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Parkland Officer’s Hesitation To Stop Shooting Fits A Pattern Of Police Cowardice


My uncle John is a retired Los Angeles police officer. He doesn’t like to talk about it, but if I buy him enough drinks, he’ll tell how he captured an armed bad guy on the streets of LA, although my uncle was off-duty and unarmed.

The story involves car chases, foot chases, and a shotgun—and the guy holding it wasn’t my uncle. Fortunately, everything worked out that day, and a dangerous criminal was off the streets because my uncle risked his life—off the clock.

I think about my Uncle John every time I read an all-too-frequent report like this one: “The armed school resource officer assigned to protect students at Marjory Stoneman Douglas High School took a defensive position outside the school and did not enter the building while the shooter was killing students and teachers inside [all emphasis added] with an AR-15 assault-style rifle, Broward County Sheriff Scott Israel said Thursday.”

Most Americans are astonished and outraged to hear this. How can a police officer—how can any person—stand around listening to innocent kids being shot?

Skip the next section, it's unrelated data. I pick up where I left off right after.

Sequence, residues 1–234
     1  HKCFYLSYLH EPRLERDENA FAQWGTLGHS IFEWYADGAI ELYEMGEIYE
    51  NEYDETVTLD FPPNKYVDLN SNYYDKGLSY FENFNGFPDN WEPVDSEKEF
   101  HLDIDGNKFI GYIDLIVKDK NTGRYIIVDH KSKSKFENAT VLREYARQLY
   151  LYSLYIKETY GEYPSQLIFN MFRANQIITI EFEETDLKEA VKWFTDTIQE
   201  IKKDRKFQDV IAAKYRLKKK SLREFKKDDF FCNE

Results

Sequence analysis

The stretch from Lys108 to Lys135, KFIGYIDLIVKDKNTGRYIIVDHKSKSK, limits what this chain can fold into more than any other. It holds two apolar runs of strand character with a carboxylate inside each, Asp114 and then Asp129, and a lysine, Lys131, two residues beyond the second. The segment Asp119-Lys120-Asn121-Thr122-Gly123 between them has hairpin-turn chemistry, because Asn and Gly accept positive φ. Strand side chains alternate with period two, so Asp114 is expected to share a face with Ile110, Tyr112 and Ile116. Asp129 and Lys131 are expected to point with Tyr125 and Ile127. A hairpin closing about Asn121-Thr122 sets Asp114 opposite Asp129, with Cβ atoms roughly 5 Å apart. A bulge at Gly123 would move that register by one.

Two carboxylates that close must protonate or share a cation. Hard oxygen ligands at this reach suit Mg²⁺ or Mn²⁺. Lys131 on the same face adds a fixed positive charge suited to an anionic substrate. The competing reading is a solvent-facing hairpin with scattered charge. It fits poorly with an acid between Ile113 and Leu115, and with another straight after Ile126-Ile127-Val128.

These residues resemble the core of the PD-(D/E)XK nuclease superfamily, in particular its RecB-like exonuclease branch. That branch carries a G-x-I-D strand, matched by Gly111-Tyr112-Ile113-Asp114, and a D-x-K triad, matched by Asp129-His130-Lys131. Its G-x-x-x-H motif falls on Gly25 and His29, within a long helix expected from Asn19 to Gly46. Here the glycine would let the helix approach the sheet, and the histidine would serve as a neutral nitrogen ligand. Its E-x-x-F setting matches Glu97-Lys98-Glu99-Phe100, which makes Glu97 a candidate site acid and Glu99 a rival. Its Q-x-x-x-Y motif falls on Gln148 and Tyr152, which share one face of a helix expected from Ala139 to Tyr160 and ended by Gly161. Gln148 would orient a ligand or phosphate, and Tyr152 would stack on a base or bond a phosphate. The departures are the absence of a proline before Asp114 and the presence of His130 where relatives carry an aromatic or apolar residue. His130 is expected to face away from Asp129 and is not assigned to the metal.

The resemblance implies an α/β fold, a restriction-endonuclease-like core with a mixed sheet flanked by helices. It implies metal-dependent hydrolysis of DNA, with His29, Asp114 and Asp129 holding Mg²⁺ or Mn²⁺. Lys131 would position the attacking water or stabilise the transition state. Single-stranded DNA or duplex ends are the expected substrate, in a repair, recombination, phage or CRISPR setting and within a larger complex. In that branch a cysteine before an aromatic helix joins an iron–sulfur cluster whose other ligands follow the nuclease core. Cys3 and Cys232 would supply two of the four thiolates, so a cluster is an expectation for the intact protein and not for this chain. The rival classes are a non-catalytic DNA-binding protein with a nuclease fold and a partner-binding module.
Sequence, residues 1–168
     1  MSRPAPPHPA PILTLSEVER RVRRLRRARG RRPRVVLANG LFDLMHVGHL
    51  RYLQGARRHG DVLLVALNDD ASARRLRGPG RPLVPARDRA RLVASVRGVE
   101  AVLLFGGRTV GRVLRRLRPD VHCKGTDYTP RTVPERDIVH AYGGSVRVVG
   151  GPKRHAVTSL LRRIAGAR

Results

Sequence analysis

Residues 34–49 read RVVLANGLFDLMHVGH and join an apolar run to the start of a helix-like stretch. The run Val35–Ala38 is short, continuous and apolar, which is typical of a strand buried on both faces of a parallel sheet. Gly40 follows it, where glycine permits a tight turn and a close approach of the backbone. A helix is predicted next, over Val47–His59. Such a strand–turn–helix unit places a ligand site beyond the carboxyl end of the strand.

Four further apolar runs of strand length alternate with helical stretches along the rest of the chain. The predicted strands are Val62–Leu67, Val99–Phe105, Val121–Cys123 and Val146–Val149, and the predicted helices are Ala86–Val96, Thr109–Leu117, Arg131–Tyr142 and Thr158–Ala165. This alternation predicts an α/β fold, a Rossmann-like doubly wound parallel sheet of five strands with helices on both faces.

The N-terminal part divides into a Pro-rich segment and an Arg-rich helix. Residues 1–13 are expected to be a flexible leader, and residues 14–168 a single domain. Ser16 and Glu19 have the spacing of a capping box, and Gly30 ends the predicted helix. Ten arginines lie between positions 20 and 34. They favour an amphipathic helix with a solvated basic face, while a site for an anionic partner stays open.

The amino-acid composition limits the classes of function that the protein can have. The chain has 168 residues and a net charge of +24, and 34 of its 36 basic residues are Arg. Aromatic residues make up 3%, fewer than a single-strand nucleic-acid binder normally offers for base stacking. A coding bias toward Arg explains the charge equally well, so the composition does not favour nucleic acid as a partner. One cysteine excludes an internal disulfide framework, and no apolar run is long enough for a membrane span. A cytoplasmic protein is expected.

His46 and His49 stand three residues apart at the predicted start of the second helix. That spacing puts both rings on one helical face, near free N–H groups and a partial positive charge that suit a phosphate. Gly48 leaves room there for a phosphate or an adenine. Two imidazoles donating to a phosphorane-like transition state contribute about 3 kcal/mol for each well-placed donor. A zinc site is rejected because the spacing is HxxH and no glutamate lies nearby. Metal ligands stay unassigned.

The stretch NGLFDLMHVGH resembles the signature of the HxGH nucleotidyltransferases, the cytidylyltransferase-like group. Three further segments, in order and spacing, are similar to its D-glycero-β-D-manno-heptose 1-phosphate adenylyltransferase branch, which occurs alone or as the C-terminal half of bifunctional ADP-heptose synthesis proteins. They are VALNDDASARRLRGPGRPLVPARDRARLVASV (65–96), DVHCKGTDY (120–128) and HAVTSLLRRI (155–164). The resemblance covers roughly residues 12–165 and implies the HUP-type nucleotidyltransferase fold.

Most Americans don’t know this happens all the time. Remember the Pulse nightclub shooting in Orlando?

As the largest mass shooting [at that time] in modern U.S. history began to unfold, an off-duty police officer working at a gay nightclub exchanged gunfire with the suspect. But three hours passed before one of the nation’s most revered SWAT teams stormed the building and brought the attack that left 49 people and the gunman dead to an end.

The ISIS-wannabe was in a shoot-out with a cop before he even got in the building. But for some reason, the cop didn’t follow him in. Shots fired inside. Nothing. Then SWAT waited outside, even as shots rang out from inside the building.

Remember Sandy Hook Elementary in Newtown, Connecticut? “Newtown officers arrived at the school while the gunman was still shooting but did not enter the building for more than five minutes, according to a prosecutor’s report.” The state police conducted a comprehensive review of events that day, but “didn’t interview any Newtown police officers who were the first responders on the scene.” Newtown police didn’t do their own after-action report, either. What’s to review, right?

This list goes on and on. Up in Canada during the 1989 massacres at Ecole Polytechnique: “As officers stood outside in the snow, [the shooter] moved through the corridors looking for more women to kill.” Out west in Columbine, as in Orlando, the cops exchanged fire with the killers, then waited outside as 10 people were gunned down. The police waited outside. Listening.

The sinking feeling we have as we read these stories isn’t anger. It’s betrayal. Our police are supposed to be better than that. We honor them, we tell our kids to look up to them, we buy them lunch, donate to their charities, we believe in them. That’s because we believe they’ve made a commitment to endanger their own lives to protect ours.